Milo’s been attacked during his tours on college campuses.  He wanted to hold a talk at a nearby university in Orlando but couldn’t when the college had no way of guaranteeing Milo’s safety.  While attempting to find an alternate venue, Twitter suspended Yiannopolous’s account.  It’s unsurprising, really; they “un-verified” him after the Trust and Safety Council formed to appease those Milo offended by speaking truths.

Rather than cower down, Milo went to ground zero in Orlando, flanked by security, and gave his press conference.  He stood in the face of the public and the press and said what the world needed to hear.  This isn’t “radical Islam,” it’s “Islam,” backed by statistics, and no amount of blame shifting or apologia would fix that.  In response, Twitter suspended Milo’s account for another 24 hours.

Other social media companies are silencing those who speak out about the homophobic components of Islam.  A major LGBTQ publication’s page has been removed from Facebook for violating “terms of service.”  Post “Islam is like Hitler” on Facebook and watch as you get your account suspended for a day’s timeout.

The Left’s Reaction To Orlando Proves They Don’t Care About Gay People. 

No matter how much the media wants to spin it, the tweet from presumptive Republican nominee Donald Trump proves he cares more about the LGBTQ community and their rights than anything done by Hillary Clinton or Barack Obama.

Yes, he’s a blowhard.  Yes, he’s a braggart.  Call him all the things you want, but the first reaction from the Left was “This is a gun issue!  It’s not  an Islam issue! Islam is peaceful! Guns are not!”

It was a follower of Islam who wrecked the lives of 300 people in Orlando at the Pulse, and that was the first time a Democrat achingly forced the words “Radical Islam” out for public consumption.  In other countries, followers of Islam believe homosexuality is immoral and should be made illegal, that Sharia law should be enacted (which makes a woman’s testimony 50% less credible than a man’s on the witness stand), and think it perfectly acceptable to throw someone off a building just because they happen to love someone of the same sex.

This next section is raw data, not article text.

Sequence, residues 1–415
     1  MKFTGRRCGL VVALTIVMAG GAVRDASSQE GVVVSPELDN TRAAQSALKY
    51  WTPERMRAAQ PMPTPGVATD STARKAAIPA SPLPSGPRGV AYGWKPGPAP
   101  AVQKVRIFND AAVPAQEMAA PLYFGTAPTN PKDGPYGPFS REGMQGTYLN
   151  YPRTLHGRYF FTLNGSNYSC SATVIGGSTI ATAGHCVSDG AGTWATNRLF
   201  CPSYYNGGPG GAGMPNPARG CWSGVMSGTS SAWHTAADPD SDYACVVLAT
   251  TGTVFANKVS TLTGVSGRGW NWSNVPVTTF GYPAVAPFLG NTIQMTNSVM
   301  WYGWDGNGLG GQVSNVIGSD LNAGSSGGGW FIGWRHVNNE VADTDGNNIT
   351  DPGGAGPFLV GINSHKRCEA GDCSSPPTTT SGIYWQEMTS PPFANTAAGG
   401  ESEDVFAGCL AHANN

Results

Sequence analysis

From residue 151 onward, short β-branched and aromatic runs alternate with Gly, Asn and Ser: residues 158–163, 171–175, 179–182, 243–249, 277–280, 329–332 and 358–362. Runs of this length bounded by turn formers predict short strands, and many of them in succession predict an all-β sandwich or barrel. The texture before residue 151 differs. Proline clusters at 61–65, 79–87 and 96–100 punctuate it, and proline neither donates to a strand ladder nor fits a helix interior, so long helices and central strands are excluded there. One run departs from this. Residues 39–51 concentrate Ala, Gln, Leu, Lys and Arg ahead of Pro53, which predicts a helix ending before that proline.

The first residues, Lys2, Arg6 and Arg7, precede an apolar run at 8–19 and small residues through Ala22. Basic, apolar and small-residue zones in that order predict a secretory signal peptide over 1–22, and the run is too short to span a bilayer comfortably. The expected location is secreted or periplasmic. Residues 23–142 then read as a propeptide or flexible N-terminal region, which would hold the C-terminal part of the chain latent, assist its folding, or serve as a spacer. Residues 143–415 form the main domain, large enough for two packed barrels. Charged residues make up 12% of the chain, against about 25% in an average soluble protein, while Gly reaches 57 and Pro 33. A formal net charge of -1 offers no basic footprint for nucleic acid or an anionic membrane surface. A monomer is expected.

If you are a part of the LGBTQ community, and want to know who cares about you more than Hillary Clinton or Barack Obama, take a second look at Donald Trump.  It’s clear the establishment doesn’t care about you.  They’d rather put a religion at the altar of the Oppression Olympics than people who’ve been unable to marry in this country for centuries.  A vote for a Democratic president is a vote against LGBTQ people, their allies, and the rights of those to love as they please.

It may be uncomfortable for you.  But it’s time to Make America Great Again.

Compound Communication Update: Soundcloud

We’re moving the Collaborative Compound Podcasts back to a regular schedule, and we’re moving them to Soundcloud.  That means RSS feed integration, iTunes, Stitcher, and otherwise support, and more, which means you’ll get more Mediation is Dead Content than before, where you want it, when you want it.  We’re about empowering people through communication skills, and that requires constant evolution.

I’ve gotten nothing but positive feedback from my Blab and Periscope sessions.  That’s all well and good, but podcasting is a major business these days for people who need a message broadcasted to the world.  Originally, I’d used a platform called Spreakr since it was an iPhone app and I could record straight from my iPhone 5S.  I learned something very quickly from those initial Collaborative Compound Podcasts.

The first thing I learned is Spreakr is shit compared to other platforms.  There’s little to no visibility for your podcasts, the WordPress plugin is buggy at best, and the limited functionality makes it hard to record something people want to listen to.

The second was the message transmitted to the world wasn’t getting received in the right places. If you want your message heard in the right areas you’ve got to go the route of regular content updates to Stitcher, iTunes, and the rest of the podcast aggregators out there.  Spreakr didn’t have the same visibility, so it had to go.

All of this is in testing mode, mind you.  One thing I’ve learned since beginning Mediation is Dead is the practice of forming an online business and presence is very much a learning game.  One of my favorite podcasts by Mike Cernovich detailed the formation of Danger and Play, as well as the Mike Cernovich podcast.  He freely admitted he didn’t know what he was doing when he got started and his business was very much a “learn as you go” enterprise.  I like that sort of “wrongless approach” to life Mike has, so I embrace it ruthlessly as I work to spread my message.

I went from a Twitter handle of TVDog to my current, @clsesq, which now extends to Instagram and Snapchat.  I evolved from Spreakr to Soundcloud, and continue to work with Periscope and Blab in order to spread the message of better communication to end conflict so parties can stay out of the court system.  I’ve learned content monetization, SEO optimization, and more just based on a desire to get my message to the world and a preference for being resourceful over begging people continually to help me out.

And that take on resourcefulness, the ability to evolve your work, continues to make the entire enterprise fulfilling each day.  Learning is a great endeavor, but when you undertake learning with a desire to evolve in knowledge then it’s a killer combination.

That’s all for now.  Transmissions from the Compound are forthcoming, and I guarantee you won’t want to miss any of them.

Fault Lines: Join Us